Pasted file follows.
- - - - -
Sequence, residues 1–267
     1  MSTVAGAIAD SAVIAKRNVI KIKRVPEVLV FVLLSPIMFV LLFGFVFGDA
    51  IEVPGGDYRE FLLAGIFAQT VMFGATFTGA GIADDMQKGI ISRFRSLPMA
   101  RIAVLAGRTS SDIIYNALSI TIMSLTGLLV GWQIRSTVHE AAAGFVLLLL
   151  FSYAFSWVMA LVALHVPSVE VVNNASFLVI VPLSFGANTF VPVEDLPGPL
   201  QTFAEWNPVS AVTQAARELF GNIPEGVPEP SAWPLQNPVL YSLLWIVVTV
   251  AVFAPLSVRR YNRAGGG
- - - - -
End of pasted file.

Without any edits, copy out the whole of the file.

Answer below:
Sequence, residues 1–267
     1  MSTVAGAIAD SAVIAKRNVI KIKRVPEVLV FVLLSPIMFV LLFGFVFGDA
    51  IEVPGGDYRE FLLAGIFAQT VMFGATFTGA GIADDMQKGI ISRFRSLPMA
   101  RIAVLAGRTS SDIIYNALSI TIMSLTGLLV GWQIRSTVHE AAAGFVLLLL
   151  FSYAFSWVMA LVALHVPSVE VVNNASFLVI VPLSFGANTF VPVEDLPGPL
   201  QTFAEWNPVS AVTQAARELF GNIPEGVPEP SAWPLQNPVL YSLLWIVVTV
   251  AVFAPLSVRR YNRAGGG